US Pending Home Sales Tumbled To 11 Year Lows (Ahead Of Recent Rate Spike)
With mortgage rates soaring (now shockingly above 7% amid the fastest rise in history), it’s no surprise that analysts expected pending home sales to slide further in August (latest data) and they were right. Pending Home Sales fell 2.0% MoM (more than the 1.5% MoM decline expected) pushing the index down 22.5% YoY…
This is the 9th monthly decline in the last 10 months to its lowest since May 2011 (ex-COVID lockdowns)…
Contract signings decreased in three of four regions while the West posted a small increase, similar to July’s data.
“The direction of mortgage rates — upward or downward — is the prime mover for home buying, and decade-high rates have deeply cut into contract signings,” Lawrence Yun, NAR’s chief economist, said in a statement.
“Only when inflation calms down will we see mortgage rates begin to steady.”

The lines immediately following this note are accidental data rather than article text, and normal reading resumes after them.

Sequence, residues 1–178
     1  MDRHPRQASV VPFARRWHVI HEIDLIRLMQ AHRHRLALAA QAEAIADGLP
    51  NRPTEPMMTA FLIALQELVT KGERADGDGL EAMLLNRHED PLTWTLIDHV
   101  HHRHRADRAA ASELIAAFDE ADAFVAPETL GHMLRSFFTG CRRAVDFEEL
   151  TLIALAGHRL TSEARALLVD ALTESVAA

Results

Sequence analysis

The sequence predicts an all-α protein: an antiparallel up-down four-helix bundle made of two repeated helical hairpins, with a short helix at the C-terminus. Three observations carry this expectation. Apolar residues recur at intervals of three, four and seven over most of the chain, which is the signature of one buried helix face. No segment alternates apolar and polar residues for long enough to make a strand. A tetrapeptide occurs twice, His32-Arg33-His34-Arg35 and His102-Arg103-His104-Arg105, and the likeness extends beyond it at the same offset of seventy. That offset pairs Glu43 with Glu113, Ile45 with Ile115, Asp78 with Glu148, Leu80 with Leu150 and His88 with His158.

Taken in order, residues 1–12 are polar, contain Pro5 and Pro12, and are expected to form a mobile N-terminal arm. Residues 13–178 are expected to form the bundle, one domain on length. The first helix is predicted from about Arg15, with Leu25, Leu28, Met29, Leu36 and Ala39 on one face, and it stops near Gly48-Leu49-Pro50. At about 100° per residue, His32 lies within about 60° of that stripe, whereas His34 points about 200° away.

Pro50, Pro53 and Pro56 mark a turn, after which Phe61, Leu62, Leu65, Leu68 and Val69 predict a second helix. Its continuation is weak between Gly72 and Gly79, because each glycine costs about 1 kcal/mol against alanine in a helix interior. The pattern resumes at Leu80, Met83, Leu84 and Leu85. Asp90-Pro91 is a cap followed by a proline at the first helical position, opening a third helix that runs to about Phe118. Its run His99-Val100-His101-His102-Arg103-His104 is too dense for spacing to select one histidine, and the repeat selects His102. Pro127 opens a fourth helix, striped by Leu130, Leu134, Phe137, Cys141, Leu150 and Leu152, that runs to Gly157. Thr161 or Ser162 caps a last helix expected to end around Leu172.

Pending home sales are often looked to as a leading indicator of existing-home purchases given properties typically go under contract a month or two before they’re sold. Sales of previously owned homes, calculated when a contract closes, fell for the seventh straight month in August.
Finally, and perhaps most notably, as we noted previously, according to the Atlanta Fed, as of a few weeks ago, the median American household would needed to spend 44.5% of their income to afford payments on a median-priced home in the US, the highest percentage on record with data going back to 2006.
Well, as of today, that number is just over 50%. That’s right: more than half of the average US household’s income goes to paying housing payments, nearly double what this number was just two years ago… and this latest move comes after today’s August pending home sales data suggesting far worse is to come from the data.
That such a move can’t end in anything but tears is obvious to everyone… but the Fed, which still thinks it can somehow avoid the most destructive of hard landings.